House Ways and Means Committee Chairman Kevin Brady said he won't be adding the repeal of Obamacare's individual mandate to a tax reform bill expected to be rolled out Wednesday.
“What I don’t want to do is to add things that could again kill tax reform like healthcare died over there,” said Brady, R-Texas, said Tuesday in a radio interview with Hugh Hewitt. Brady was talking about the failure of the healthcare bill to pass in the Senate in July when lawmakers were considering a "skinny repeal" bill for Obamacare that included repeal of the individual mandate.
Polling shows the individual mandate is one of the most unpopular versions of Obamacare, as it obligates people purchase health insurance or pay a fine. Proponents of the mandate say it helps bring healthier people into the Obamacare exchanges, but opponents argue it has been ineffective at doing so, and point to losses from insurers and lower-than-expected enrollment by healthier customers. A Congressional Budget Office report estimated that 16 million fewer people would have health insurance if the individual mandate were repealed.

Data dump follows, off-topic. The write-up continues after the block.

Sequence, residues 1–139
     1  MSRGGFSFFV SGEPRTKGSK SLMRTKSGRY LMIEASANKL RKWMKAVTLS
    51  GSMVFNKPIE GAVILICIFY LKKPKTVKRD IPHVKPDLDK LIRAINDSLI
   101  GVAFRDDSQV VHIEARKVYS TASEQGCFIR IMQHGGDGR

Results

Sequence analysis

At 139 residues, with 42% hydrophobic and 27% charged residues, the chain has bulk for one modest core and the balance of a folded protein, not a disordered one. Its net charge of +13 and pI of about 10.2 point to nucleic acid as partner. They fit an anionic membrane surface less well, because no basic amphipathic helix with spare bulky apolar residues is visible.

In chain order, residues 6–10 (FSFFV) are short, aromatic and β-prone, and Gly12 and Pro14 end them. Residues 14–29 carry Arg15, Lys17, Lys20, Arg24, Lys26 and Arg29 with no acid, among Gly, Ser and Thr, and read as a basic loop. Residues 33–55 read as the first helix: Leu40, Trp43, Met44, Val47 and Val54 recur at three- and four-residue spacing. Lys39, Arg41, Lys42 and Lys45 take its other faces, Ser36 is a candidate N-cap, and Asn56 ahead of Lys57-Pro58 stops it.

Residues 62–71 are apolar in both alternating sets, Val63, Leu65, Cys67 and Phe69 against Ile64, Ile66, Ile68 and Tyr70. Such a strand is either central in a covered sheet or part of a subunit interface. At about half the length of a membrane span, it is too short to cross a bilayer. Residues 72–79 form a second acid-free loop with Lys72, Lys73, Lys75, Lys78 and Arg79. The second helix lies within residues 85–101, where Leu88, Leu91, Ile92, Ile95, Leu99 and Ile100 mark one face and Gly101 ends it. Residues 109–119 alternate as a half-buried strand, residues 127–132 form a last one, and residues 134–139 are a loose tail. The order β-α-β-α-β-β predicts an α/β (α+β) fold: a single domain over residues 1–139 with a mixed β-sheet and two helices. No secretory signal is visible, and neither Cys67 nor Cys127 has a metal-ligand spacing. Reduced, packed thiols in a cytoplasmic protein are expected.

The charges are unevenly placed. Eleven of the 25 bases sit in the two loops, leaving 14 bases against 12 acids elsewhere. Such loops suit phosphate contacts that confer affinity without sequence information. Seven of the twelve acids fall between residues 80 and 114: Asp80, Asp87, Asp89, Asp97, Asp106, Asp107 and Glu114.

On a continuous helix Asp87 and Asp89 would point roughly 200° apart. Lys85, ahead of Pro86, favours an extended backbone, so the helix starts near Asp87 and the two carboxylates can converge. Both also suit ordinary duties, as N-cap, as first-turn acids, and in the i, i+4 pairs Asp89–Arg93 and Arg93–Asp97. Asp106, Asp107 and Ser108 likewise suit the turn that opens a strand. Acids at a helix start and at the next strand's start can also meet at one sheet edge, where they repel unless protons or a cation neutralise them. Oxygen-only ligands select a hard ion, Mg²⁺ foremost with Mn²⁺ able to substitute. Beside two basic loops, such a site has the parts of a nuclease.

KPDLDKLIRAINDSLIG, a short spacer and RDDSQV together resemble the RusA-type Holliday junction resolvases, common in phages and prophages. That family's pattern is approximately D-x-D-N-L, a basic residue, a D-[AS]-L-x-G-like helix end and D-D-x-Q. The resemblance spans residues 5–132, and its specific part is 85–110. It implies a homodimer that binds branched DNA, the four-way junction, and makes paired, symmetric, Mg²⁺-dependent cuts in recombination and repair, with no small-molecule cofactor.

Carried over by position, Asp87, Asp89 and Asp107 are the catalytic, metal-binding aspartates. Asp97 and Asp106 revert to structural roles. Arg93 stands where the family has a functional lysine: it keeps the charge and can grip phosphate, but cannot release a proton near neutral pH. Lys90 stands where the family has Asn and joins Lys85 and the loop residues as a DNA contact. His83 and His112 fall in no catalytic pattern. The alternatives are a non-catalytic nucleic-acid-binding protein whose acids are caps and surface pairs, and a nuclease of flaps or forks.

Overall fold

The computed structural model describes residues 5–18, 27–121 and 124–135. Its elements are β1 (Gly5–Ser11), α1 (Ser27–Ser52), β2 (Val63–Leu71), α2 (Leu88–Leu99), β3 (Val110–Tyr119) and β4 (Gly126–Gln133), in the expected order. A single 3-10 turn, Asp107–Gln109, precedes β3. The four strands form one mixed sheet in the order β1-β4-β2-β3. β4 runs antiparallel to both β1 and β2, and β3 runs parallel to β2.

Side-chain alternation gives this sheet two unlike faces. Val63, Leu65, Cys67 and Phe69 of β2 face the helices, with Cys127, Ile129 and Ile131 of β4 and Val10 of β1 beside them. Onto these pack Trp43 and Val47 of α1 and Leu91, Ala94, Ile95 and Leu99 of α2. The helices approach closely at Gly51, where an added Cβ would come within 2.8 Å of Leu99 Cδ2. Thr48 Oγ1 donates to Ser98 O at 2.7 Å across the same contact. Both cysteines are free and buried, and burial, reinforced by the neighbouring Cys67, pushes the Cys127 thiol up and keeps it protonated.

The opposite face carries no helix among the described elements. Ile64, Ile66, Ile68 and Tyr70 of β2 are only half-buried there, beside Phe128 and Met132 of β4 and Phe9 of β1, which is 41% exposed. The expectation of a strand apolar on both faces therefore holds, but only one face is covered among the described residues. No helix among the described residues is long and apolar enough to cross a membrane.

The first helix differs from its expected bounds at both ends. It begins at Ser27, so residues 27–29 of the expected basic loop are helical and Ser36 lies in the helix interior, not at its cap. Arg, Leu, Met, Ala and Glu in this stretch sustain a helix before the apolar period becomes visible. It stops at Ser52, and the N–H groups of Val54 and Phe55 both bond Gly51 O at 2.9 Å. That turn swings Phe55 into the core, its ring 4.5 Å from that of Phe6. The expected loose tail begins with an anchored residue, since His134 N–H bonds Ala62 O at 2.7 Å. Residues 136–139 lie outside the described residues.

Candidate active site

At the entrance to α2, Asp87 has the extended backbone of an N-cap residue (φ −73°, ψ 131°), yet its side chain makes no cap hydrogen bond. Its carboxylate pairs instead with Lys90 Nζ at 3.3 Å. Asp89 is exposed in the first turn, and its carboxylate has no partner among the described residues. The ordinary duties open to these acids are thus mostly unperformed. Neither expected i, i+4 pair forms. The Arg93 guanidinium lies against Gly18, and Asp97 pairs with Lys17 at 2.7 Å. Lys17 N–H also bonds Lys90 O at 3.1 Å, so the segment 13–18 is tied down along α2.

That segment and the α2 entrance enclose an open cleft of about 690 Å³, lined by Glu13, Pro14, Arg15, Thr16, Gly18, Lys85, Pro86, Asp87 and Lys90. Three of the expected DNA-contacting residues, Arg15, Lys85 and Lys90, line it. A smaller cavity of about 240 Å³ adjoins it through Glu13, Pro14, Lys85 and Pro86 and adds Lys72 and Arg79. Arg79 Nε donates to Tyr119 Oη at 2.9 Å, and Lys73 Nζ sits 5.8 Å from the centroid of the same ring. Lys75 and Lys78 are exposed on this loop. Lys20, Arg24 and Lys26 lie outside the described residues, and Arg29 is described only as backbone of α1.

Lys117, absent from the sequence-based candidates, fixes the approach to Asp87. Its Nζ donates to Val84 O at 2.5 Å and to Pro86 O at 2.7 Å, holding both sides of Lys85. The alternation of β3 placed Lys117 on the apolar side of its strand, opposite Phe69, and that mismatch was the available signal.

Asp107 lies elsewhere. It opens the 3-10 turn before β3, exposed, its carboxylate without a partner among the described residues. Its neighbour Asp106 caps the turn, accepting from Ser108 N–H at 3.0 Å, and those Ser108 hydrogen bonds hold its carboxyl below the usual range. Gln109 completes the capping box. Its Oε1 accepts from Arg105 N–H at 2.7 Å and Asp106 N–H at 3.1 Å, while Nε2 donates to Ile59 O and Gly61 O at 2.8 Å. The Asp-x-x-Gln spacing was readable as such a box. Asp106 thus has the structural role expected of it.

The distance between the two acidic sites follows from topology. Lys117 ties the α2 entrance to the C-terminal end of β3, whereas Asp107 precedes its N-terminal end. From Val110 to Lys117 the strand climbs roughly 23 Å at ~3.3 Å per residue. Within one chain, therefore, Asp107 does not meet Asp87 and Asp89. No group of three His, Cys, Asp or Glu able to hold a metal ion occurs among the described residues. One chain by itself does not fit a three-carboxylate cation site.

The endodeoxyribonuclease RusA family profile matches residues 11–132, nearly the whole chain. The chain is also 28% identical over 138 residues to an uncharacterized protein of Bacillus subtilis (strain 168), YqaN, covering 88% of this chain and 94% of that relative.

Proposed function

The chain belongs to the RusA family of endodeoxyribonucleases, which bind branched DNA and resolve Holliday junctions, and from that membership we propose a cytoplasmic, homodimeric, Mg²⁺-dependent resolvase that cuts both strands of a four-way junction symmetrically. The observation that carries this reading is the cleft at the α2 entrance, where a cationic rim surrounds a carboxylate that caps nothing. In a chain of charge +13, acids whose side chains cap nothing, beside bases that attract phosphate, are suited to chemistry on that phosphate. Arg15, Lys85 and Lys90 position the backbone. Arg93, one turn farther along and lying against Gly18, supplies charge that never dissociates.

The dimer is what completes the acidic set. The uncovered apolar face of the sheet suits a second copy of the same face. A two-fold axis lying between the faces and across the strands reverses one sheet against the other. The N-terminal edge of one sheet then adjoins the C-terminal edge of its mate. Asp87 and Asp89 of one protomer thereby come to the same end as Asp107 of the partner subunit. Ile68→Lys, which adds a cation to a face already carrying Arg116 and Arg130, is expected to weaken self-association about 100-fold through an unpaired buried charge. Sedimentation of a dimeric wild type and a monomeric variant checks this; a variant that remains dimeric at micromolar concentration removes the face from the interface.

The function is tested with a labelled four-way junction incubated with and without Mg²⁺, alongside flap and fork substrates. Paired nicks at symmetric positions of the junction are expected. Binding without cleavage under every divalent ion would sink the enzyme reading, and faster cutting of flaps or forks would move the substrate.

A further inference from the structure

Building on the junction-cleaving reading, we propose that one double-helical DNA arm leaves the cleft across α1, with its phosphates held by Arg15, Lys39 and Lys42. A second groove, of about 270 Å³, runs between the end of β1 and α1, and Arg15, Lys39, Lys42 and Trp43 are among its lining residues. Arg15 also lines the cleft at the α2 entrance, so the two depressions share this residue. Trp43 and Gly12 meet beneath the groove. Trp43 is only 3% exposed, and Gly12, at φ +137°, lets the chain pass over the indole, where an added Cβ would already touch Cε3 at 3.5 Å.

The renewed push to repeal the mandate comes from Sen. Tom Cotton, R-Ark., who told reporters Monday that he would like to see it included in the tax package Republicans are releasing Wednesday, and that other GOP senators support the idea. Cotton floated proposing it as an amendment if it is not included in the final text of the bill.
Brady said he supported repealing the individual mandate but that he didn't see how Republicans in the Senate would get the votes they need to pass it. Republicans need 50 votes in the Senate and have a 52-seat majority. In July, all Democrats and three GOP senators – Sens. Susan Collins of Maine, Lisa Murkowski of Alaska, and John McCain of Arizona – voted against "skinny repeal."
Brady said he would support adding the individual mandate repeal in the final version of the bill if it were to pass in the Senate and then head to conference.